Bristol Sports Cars

Bristol 411
The Bristol 411 maintained its stoic, blocky aesthetic, though the exterior belied an impressively powerful machine under the hood.
The Bristol 411 maintained its stoic, blocky aesthetic, though the exterior belied an impressively powerful machine under the hood.


The Bristol 411 appeared in 1969, just two years after its predecessor debuted. But the days of biennial model changes were over, and the new Bristol 411 would remain in production for the next six years, the longest-lived Bristol to date.

Also once more, the Bristol chassis and squarish four-seat coupe body were little changed. That the former was still around at the turn of the Seventies now seems truly remarkable. Remember that Bristol had copied this box-section platform from a late-Thirties BMW design and had first put it on sale, under the original 400 model, in 1947.

The intervening 23 years had seen changes to front suspension and rear-axle location, but basic structure, the 114-inch wheelbase, and the cars' general stance had all stayed the same. Even so, Bristol followed through on its suspension tuning for the 410 model by making radial tires standard on the Bristol 411.

There was one other change, and it was literally a big one, as the Chrysler 318-cubic-inch hemi-head V-8 was exchanged for the same firm's heavier but considerably more potent 383-cid wedge-head unit. The result was an extra 85 horsepower and a lot more torque.

While this engine had long been a staple in Chrysler's U.S. lineup, it was also familiar in the UK, having powered various Jensens over the years, including the limited-production Vignale-bodied Interceptor and four-wheel-drive FF grand touring coupes of the late Sixties. Here, as there, it was teamed with Chrysler's latest TorqueFlite automatic transmission.

Even if it did increase weight, the 383 made the Bristol 411 appreciably faster than any previous Bristol. Magazine road tests reported a healthy 10-mph gain in top speed -- now a thrilling 140 mph -- and standing-start acceleration of around 7 seconds flat, enough to rival that of the larger Ferraris and Maseratis of the period and very much in American "muscle car" territory.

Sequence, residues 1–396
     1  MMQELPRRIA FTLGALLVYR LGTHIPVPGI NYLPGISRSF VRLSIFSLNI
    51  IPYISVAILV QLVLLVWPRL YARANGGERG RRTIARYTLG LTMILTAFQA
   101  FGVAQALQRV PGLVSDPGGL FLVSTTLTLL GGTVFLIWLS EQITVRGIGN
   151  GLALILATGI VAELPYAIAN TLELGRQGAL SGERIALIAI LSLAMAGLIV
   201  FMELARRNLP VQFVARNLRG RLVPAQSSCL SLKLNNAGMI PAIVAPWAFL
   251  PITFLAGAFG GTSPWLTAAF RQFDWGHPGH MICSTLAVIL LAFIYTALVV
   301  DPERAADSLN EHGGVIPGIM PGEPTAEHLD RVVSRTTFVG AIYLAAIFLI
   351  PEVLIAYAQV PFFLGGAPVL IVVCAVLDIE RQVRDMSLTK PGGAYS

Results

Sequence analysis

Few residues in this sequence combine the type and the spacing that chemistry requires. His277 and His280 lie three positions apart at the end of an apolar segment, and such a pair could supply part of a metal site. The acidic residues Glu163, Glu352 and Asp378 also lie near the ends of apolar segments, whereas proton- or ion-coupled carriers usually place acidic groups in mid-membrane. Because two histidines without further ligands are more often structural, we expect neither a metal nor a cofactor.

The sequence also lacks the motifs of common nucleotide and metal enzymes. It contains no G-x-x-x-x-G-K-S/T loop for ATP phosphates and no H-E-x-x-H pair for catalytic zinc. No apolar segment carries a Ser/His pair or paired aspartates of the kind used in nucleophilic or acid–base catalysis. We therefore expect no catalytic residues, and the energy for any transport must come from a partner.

In appearance, of course, the Bristol 411 was about the farthest thing from a muscle car you could imagine: as conservative as any Bristol, resolutely blocky, and rather staid. At least it was cleaner than recent Bristols and more attractive for it. More modest bodyside chrome strips -- one on the rear fender, the other trailing into the door from atop the front wheelarch -- replaced the former full-length twin strips, the rear end was simplified (bringing a slightly larger trunk), and there was a bit more rake to windshield and backlight.

The Bristol 411 was subtly but sensibly refined in succeeding years. Late 1970 brought a Mark 2 version with automatic self-levelling rear suspension, achieved via load-sensitive compensating struts powered by an engine-driven hydraulic pump. The big V-8 already drove the power steering and still-optional air conditioning, but it was designed for this sort of workload and didn't mind the extra job. Wider wheels all-round accompanied this upgrade.

As if to return to its two-year cycle, Bristol launched the Bristol 411 Mk 3 in 1972, marked by a lower-profile nose with very powerful seven-inch-diameter quad headlamps (replacing the familiar dual head/driving lamps foursome) mounted horizontally in an oval cavity either side of a rather awkward square grille. A slim paint stripe replaced the previous front-fender chrome trim, though rocker panel moldings remained. At the rear were no fewer than four exhaust outlets, the result of minor tuning changes.

The Bristol 411 was the final evolution of Bristol's 406. Lines were cleaner if still conservative, and gadgets more plentiful than ever.

But the Mk 3 didn't last long, for 1973 brought the revised Mk 4 with the latest 400-cid evolution of the Chrysler 383. This was adopted to meet European emissions standards (less stringent than America's but just as vexing to automakers and also tightening every year) and permit the use of British-grade "two-star" leaded regular gasoline. Rear styling was revised yet again, now quite plain.

After a short run of minimally modified Mk 5 models, the Bristol 411 was laid to rest in 1976. Bristol's production pace slowed by about a third, to an average three cars per week, so only 600 Bristol 411s were built in a little over six years.

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